Who Are the Latino Evangelicals That Support Trump? | Sojourners

Who Are the Latino Evangelicals That Support Trump?

While the relationship between white evangelicals and President Trump is clear— they’ve consistently held a highly favorable view of him — the relationship between Latino evangelicals, Trump, and the GOP is tense but far from tenuous.

Latino evangelical leaders are playing an outsized role in the politics and outreach of the Trump administration even though Latino evangelicals comprise less than a fifth of the Latino population. Evangelical leaders’ ardent support of the president can put them at odds with their congregations.

Nevertheless, some Latino evangelical leaders and the Trump administration have forged ahead in their mutual support. The 2020 Latinos for Trump organization, which is officially tied to the reelection campaign, prominently features three Latino evangelical pastors with long ties to Trump: Mario Bramnick, Pasqual Urrabazo, and Ramiro Peña.

Bramnick and Peña were members of the 2016 National Hispanic Advisory Council and Peña also served on Trump’s Evangelical Advisory Board. Bramnick and Urrabazo are part of the Latino Coalition for Israel, while Peña is the head pastor at Christ the King Church in Waco, Texas. Someone who has advised Trump but is not listed in the official 2020 Latinos for Trump group is Samuel Rodriguez, president of the National Hispanic Christian Leadership Conference, which Urrabazo and Bramnick are also associated with.

Who are Latino evangelicals?

Latino evangelicals are a growing group, that trend younger than white mainline and evangelical Protestants. Over half of Latino evangelical households earn less than $30,000 a year. Women make up the majority of this group: about 6 out 10 Latino evangelicals are women. Latino evangelicals are very devout, compared to the general Latino and U.S. populations.

Latino evangelicals are not starkly partisan, but they are politically contradictory. For example, 64 percent of Latino evangelicals say that abortion should be illegal in all or most cases and 60 percent oppose same-sex marriage. However, only 31 percent are Republican or Republican-leaning. Nearly 60 percent of Latino evangelicals favor a bigger government and more services and 50 percent believe that government aid to the poor does more good than harm. Yet, only 22 percent identify their political ideology as liberal, while 39 percent identify as conservative. Underlining this chasm between the intersection of faith and politics, 67 percent of Latino Protestants view Trump unfavorably overall.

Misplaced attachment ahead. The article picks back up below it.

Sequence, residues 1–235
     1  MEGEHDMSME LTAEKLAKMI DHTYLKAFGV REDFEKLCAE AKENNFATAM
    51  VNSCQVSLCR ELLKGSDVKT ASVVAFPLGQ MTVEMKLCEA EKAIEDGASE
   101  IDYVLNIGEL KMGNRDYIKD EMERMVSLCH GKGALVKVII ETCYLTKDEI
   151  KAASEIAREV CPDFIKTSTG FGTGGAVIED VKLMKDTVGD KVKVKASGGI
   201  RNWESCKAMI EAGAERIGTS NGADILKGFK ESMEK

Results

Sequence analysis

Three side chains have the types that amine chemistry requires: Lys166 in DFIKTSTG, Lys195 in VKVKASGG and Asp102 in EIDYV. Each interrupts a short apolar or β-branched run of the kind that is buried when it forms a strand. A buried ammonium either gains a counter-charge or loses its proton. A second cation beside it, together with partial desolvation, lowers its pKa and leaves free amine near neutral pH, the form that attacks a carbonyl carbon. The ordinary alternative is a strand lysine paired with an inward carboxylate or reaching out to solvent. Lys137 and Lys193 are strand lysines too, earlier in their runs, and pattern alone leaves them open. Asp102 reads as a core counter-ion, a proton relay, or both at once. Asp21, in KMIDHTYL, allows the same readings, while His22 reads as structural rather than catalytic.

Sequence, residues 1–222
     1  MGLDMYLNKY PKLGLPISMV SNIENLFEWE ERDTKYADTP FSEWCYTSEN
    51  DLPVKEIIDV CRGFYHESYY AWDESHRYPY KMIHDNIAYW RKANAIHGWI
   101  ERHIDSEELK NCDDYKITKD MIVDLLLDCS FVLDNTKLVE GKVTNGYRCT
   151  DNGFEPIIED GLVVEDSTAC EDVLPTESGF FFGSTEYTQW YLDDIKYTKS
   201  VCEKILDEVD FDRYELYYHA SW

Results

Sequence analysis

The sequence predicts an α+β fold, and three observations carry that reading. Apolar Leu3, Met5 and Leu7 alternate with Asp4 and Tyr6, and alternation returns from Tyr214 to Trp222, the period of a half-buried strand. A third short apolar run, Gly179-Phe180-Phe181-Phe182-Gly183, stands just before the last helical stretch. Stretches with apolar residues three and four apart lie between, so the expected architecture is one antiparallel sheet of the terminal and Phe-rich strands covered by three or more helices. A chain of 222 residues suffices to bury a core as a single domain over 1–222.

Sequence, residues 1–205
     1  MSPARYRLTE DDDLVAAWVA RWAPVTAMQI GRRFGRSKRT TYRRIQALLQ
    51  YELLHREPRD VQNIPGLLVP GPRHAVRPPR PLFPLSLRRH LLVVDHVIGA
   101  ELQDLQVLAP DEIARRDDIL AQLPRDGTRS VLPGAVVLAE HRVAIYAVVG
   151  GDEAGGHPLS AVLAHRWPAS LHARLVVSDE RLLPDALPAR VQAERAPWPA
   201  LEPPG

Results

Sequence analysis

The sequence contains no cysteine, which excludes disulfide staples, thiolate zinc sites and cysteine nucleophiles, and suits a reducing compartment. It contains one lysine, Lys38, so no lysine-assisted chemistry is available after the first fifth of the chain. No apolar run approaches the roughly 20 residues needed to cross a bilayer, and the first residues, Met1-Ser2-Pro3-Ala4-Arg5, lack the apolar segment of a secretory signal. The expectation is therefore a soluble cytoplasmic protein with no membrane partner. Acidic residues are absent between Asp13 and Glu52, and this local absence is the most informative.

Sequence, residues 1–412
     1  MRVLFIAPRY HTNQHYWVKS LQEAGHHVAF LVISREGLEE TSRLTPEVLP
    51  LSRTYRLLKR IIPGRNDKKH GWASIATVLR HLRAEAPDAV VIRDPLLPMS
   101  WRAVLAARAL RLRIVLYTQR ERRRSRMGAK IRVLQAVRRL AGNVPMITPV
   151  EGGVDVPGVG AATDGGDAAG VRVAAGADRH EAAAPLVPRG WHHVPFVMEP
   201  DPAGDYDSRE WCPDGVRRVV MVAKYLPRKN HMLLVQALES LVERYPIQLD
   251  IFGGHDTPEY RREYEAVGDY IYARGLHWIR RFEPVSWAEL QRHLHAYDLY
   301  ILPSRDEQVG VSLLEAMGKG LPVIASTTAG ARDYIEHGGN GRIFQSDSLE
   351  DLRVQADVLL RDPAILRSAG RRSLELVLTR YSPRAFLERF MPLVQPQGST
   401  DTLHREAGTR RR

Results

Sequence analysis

Evangélicas/os not Evangelicals

The differences between white and Latino evangelicals have led the religious scholars Loida I. Martell-Otero, Zaida Maldonado Pérez, and Elizabeth Conde-Frazier, to make a distinction between white evangelicals and Latina/o evangélicos. While in the U.S., evangelicals are associated with a set of conservative social stances and the Republican party, those same ideas and worldviews don’t adhere to evangelicos. While they share a belief in the Bible as the word of God, a “born-again” experience, and a desire to transform the world around them, evangélicos demographic differences and lived experiences inform their distinct social, political, and theological world views.

Perhaps the most obvious difference that Martell-Otero, Maldonado Pérez, and Conde-Frazier point out is that the majority of evangélicas/os are women. Evangélicas shape the theological understandings and praxes because of their outsized presence in congregations, communities, and homes. The focus of evangélicas on the Spirit and God’s presence in the quotidian aspects of their lives is a way they understand the divine in order to deal with the dehumanization that they as women, as immigrants, and as poor people face daily.

Women, especially, are a driving force in these churches and communities, yet the national Latino evangelical leaders who support Trump are nearly all men who articulate a different set of political and theological values.

The national spokesmen

Samuel Rodriguez, perhaps better than others, represents the contradictory positions of Latino evangelicals that juxtapose social conservatism and liberal policy. In a 2008 essay for Reflections, Rodriguez described how Latinos were not only changing the demographic landscape but also the political and theological terrain of the nation. “Brown Christians … are poised to redraw the moral map with a commitment to [sanctity of life and marriage and socioeconomic equality], working within a framework of righteousness and justice,” he wrote.